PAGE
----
Saturday I had a CT scan and an MRI. Over the past month or so, I've intermittently been awakening in the middle of the night with pain in my sternum. I've been worried and not worried, mostly taking my cues from my doctor; I trust him with my life. Friday he decided I needed to have some tests done. Having been through a lot at the medical center where I receive care, and having worked there for years until Abbott was born, people are prone to moving heaven and earth for me - in this case, squeezing me in on Saturday after deciding Friday that I needed to be evaluated. Not having to wait long was a real gift - anytime I get scheduled for a workup, I start fretting and getting panicky until it's over. I'm happy to say the tests did not show any cause for alarm - no cancer. I'll see my doctor later this week to discuss other possible causes of my symptoms.
In graduate school as part of my nurse practitioner training, I took a course on death and dying. Among other things, I had to write a will and get it notarized, and plan out my funeral (!). At the time of the course I had few possessions and didn't yet have children, so my will consisted of things like which relatives and friends would get particular books and earrings and other sentimental possessions. This was a couple of years after I first had cancer, and I was very uncomfortable directly facing my mortality; in general, I try not to think about it.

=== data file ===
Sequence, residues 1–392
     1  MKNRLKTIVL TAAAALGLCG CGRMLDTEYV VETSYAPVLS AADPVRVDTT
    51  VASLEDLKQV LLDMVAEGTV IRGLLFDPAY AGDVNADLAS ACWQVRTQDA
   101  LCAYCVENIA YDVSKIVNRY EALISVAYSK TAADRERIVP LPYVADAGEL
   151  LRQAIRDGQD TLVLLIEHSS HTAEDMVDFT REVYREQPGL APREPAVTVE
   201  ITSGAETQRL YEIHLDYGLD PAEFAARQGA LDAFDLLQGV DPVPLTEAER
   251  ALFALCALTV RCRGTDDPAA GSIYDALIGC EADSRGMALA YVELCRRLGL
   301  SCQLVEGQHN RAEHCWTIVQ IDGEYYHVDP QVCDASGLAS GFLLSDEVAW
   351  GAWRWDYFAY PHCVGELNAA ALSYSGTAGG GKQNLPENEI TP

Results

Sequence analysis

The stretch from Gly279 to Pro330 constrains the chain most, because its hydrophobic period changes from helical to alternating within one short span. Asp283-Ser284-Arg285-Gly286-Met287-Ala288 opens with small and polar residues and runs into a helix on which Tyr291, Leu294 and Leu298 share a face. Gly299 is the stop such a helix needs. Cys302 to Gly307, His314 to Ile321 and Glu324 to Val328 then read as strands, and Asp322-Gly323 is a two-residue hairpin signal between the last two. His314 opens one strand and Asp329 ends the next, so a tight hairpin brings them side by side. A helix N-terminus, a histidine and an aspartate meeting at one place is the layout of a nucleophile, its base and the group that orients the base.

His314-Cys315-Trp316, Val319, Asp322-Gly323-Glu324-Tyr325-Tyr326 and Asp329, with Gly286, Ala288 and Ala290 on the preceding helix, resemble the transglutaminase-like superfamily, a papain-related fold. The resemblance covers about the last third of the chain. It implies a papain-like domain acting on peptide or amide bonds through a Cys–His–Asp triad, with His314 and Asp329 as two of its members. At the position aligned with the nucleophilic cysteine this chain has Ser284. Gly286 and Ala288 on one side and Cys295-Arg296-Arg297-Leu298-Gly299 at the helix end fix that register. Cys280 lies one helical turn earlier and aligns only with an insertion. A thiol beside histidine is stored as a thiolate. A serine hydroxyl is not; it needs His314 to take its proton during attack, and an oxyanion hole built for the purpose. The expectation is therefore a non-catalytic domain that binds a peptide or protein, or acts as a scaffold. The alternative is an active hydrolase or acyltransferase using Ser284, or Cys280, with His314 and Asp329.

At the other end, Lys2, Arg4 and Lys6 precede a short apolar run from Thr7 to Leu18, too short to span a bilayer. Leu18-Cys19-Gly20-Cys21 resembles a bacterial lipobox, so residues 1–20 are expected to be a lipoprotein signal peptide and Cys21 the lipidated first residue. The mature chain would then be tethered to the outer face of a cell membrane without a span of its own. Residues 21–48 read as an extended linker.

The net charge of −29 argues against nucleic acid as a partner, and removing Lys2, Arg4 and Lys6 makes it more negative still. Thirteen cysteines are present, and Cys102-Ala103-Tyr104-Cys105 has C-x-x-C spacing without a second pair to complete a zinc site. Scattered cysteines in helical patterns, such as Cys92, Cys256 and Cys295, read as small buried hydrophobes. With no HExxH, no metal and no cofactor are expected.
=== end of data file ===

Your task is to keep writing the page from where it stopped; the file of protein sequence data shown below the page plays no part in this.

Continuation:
Throughout the close to an hour I was immobile in the MRI machine, I had very concrete thoughts about my mortality. I kept thinking, my life may be forever changed when this is over because of the information I'll receive. I may not be able to think of myself as a healthy person anymore. I need to think about what things I haven't done yet that I hope to accomplish before I die. Hurry.